In the Part I of the Nikon CLS Advanced Wireless Lighting series, I described the very simple and inexpensive setup I used to capture Nikon CLS wireless flash sequences and showed you some captures of the simplest form of wireless flash communication. I then detoured to talk about some trivias about the Nikon non-wireless i-TTL flash process. Going back to the series again, I will talk about the flash sequences with remote flash(s) set to TTL mode.
All the tests below were conducted using the built-in flash on a Nikon D200 in Commander Mode. The flash sync mode was set to Front Curtain. The exposure mode doesn’t really affect the results if the shutter speed stays within the sync speed limit of the camera, which is 1/250s. The sequences are slightly different in Rear Curtain flash sync mode with shutter speed slower than 1/2 second. I will get to it later.
The first example was made with the D200 built-in flash in Commander Mode, Ch. 4, M: Off, Group A: TTL. There was no actual remote flash.
I labeled each of the pulse groups (blue lines). The first group is the remote setting command, which tells each remote group (in this case only one group) which mode it should be in. The available modes are Off, TTL, AA, and M. The second pulse group is the pre-flash command, which tells a specific remote group to get ready to fire a pre-flash. After that, the master unit sends out a pre-flash trigger low signal (the 3rd pulse group). If the remote flash unit detects the command, it fires the pre-flash after a short delay. Since there is no actual remote group in the test, there is no pre-flash from the remote unit captured. But I will show you examples later with remote flash actually turned on. If the camera finds that the pre-flash too weak, it will ask for a 2nd pre-flash from the same remote group. That is the 4th pulse group labeled as preflash trigger high. The remote unit should then fire a stronger pre-flash. The intensity of the 2nd pre-flash is pre-programmed in the flash. There is no communication between the master and the remote on how strong the 2nd flash needs to be. The 5th pulse group contains the flash output amount data the camera calculated for the remote flash. After a relatively long delay, the camera instructs the master flash to send the final flash trigger (the 6th pulse). If there were actual remote flash, it would emit the main flash in sync with the trigger signal. The possible reason for the long delay is to let the flashes recharge after the communications just in case the final output requires full power.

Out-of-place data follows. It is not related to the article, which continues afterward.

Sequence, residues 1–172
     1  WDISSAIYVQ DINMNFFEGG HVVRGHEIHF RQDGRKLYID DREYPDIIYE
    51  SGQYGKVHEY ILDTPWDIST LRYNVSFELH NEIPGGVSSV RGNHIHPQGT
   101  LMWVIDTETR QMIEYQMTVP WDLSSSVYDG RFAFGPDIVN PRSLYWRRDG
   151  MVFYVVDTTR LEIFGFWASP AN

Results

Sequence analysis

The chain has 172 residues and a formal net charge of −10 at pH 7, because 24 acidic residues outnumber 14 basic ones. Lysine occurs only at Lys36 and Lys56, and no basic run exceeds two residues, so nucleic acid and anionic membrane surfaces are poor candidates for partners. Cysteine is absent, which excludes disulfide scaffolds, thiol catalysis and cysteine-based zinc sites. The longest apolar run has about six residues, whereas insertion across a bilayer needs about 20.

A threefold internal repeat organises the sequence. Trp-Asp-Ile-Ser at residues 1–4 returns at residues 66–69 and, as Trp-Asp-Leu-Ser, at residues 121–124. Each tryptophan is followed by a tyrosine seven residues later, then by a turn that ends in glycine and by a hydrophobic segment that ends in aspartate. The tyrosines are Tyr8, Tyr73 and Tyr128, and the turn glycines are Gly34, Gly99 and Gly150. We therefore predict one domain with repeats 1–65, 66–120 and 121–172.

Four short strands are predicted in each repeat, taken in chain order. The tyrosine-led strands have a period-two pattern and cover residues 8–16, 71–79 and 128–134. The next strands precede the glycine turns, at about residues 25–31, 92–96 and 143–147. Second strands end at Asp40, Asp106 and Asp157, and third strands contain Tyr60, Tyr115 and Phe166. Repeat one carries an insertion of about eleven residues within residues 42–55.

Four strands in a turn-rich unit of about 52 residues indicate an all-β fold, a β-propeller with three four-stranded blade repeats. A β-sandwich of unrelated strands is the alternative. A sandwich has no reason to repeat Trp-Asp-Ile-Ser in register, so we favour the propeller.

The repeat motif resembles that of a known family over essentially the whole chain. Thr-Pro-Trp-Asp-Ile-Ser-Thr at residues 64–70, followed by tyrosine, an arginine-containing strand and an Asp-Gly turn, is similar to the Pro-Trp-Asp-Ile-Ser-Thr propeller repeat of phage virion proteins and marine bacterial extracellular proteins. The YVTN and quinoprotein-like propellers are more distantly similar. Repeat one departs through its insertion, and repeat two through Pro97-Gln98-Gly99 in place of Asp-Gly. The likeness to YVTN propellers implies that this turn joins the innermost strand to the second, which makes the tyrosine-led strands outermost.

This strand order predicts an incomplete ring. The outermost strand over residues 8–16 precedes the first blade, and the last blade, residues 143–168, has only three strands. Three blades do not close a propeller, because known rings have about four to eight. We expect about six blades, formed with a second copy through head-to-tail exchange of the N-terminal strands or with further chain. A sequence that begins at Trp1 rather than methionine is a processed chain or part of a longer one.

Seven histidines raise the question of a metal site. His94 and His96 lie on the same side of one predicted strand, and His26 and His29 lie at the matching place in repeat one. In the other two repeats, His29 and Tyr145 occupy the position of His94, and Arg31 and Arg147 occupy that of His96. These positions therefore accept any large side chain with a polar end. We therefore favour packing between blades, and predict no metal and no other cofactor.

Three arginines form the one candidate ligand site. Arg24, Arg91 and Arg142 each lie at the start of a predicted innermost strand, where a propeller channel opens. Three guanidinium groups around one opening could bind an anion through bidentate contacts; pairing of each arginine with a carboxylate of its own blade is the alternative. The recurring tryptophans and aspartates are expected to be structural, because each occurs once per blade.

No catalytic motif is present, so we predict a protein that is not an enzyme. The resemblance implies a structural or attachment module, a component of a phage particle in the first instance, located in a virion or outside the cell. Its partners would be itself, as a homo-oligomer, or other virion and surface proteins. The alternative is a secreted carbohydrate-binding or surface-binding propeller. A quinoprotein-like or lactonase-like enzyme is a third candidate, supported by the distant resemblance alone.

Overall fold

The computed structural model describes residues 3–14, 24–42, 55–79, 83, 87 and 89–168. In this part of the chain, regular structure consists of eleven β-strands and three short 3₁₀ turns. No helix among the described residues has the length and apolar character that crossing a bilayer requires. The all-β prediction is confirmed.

The following graphs show the zoomed-in views of the pulses.
If you compare the remote setting, pre-flash CMD, and remote flash output amount pulse groups, you will find that the first three of them are the same. That is the indicator for the channel (Ch. 4 in this test). By sending out each command with the channel information, Nikon CLS wireless flash system allows photographers to avoid interference between flashes by using different channels at the same location.
The following is an example with two remote groups A and B. Master was still set to off in the test. No actual remote flash.
Compared to the first example, the difference is the extra three pulse groups for instructing remote group B to do the pre-flash. The next graph shows two captures: the top one is the same as the one above, the bottom one is with two remote flashes for group A and B turned on but pointed away from Camera’s field of view. You can see peaks immediately after the pre-flash trigger pulses.
Well, if you have gone so far I hope you have not been bored to death. Knowing those boring details probably won’t help you make better photos. It is just for the curious mind.
Keywords: Advanced Wireless Flash, Creative Lighting System, Flash photography, Nikon, Nikon CLS